Baumgartner landed safely with his parachute in the desert of New Mexico after jumping out of his space capsule at 39,045 meters and plunging back towards earth, hitting a maximum of speed of 1,342.8 km/h through the near vacuum of the stratosphere before being slowed by the atmosphere later during his 4:20 minute long freefall. Countless millions of people around the world watched his ascent and jump live on television broadcasts and live stream on the Internet. At one point during his freefall Baumgartner appeared to spin rapidly, but he quickly re-gained control and moments later opened his parachute as members of the ground crew cheered and viewers around the world heaved a sigh of relief.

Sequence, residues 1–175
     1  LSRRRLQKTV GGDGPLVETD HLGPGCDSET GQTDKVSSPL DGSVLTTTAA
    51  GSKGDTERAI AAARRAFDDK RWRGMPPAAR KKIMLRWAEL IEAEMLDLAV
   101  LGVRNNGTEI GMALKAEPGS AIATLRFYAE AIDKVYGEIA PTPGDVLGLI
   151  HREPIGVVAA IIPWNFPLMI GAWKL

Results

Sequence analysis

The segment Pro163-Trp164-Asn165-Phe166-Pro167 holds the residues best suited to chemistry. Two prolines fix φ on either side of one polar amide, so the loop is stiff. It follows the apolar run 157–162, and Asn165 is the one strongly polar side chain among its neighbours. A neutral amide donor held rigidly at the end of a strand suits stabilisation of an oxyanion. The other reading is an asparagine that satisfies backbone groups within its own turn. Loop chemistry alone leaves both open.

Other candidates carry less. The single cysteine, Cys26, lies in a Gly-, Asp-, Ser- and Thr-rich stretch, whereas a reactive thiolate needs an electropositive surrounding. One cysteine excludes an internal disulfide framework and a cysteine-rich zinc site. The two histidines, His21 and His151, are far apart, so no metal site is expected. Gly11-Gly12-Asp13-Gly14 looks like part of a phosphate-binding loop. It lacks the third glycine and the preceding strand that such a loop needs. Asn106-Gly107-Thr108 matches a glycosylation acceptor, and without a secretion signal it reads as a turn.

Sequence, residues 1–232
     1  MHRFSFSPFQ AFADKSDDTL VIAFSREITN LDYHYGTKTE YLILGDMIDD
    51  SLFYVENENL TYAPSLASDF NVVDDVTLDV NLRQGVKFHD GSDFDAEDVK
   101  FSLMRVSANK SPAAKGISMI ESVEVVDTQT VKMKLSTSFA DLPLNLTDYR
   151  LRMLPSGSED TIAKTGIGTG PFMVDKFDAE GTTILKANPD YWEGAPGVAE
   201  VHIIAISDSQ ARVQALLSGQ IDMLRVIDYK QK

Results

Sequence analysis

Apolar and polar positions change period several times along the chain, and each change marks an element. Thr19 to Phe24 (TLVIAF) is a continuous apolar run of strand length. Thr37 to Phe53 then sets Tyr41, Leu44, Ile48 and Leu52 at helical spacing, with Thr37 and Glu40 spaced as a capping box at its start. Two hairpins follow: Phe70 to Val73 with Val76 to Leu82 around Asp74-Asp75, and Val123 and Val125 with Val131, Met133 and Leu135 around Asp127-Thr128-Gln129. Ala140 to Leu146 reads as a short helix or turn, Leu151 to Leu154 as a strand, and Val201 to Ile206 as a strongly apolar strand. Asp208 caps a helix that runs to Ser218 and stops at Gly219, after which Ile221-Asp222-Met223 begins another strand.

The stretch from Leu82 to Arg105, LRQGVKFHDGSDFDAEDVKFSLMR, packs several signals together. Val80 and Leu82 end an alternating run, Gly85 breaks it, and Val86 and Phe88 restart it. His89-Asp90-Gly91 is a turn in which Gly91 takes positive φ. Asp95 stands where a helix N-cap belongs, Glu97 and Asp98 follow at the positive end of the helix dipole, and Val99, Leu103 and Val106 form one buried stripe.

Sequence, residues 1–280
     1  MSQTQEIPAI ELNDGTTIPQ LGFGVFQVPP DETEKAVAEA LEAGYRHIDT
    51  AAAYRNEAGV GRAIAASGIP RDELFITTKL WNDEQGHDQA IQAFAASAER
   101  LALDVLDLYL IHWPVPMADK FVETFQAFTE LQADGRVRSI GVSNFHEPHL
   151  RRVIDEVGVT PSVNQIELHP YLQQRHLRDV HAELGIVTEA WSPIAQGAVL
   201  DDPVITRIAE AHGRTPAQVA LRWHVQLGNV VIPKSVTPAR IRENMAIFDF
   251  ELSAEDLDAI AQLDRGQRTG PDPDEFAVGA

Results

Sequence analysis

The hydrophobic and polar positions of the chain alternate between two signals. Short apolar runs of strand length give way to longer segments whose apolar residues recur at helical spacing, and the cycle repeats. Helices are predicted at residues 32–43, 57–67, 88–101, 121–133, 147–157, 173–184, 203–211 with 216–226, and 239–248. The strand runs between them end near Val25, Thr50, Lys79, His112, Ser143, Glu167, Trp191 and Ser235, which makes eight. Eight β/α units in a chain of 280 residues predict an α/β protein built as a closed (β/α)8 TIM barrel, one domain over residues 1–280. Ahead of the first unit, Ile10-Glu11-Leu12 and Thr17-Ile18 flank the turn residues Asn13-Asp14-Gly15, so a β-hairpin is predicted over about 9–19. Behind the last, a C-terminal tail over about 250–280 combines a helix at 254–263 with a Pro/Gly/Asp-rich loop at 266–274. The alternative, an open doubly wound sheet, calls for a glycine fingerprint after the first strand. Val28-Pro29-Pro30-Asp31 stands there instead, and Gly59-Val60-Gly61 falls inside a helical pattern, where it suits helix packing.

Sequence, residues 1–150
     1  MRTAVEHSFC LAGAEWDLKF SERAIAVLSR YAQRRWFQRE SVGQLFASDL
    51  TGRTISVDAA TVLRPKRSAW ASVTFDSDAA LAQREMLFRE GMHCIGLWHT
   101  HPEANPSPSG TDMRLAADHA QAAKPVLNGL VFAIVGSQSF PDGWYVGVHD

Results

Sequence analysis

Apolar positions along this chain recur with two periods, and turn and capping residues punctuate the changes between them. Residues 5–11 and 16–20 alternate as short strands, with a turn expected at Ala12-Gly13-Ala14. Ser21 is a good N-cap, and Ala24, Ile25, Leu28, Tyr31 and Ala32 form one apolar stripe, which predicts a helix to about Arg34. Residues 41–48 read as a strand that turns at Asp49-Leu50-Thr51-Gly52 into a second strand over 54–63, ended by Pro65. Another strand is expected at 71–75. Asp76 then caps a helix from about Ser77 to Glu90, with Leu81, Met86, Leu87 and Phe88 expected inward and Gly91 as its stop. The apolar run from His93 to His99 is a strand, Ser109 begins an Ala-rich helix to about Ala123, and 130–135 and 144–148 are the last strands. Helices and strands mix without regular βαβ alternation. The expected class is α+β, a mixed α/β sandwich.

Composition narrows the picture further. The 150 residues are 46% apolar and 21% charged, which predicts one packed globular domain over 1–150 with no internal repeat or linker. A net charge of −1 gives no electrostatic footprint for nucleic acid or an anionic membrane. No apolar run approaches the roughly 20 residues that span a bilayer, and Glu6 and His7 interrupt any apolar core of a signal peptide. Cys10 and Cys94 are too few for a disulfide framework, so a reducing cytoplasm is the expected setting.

“It was an incredible up and down today, just like it’s been with the whole project,” a relieved Baumgartner said. “First we got off with a beautiful launch and then we had a bit of drama with a power supply issue to my visor. The exit was perfect but then I started spinning slowly. I thought I’d just spin a few times and that would be that, but then I started to speed up. It was really brutal at times. I thought for a few seconds that I’d lose consciousness. I didn’t feel a sonic boom because I was so busy just trying to stabilize myself. We’ll have to wait and see if we really broke the sound barrier. It was really a lot harder than I thought it was going to be.”

Baumgartner and his team spent five years training and preparing for the mission that is designed to improve our scientific understanding of how the body copes with the extreme conditions at the edge of space.

Baumgartner had endured several weather-related delays before finally lifting off under bright blue skies and calm winds on Sunday morning. The Red Bull Stratos crew watching from Mission Control broke out into spontaneous applause when the balloon lifted off.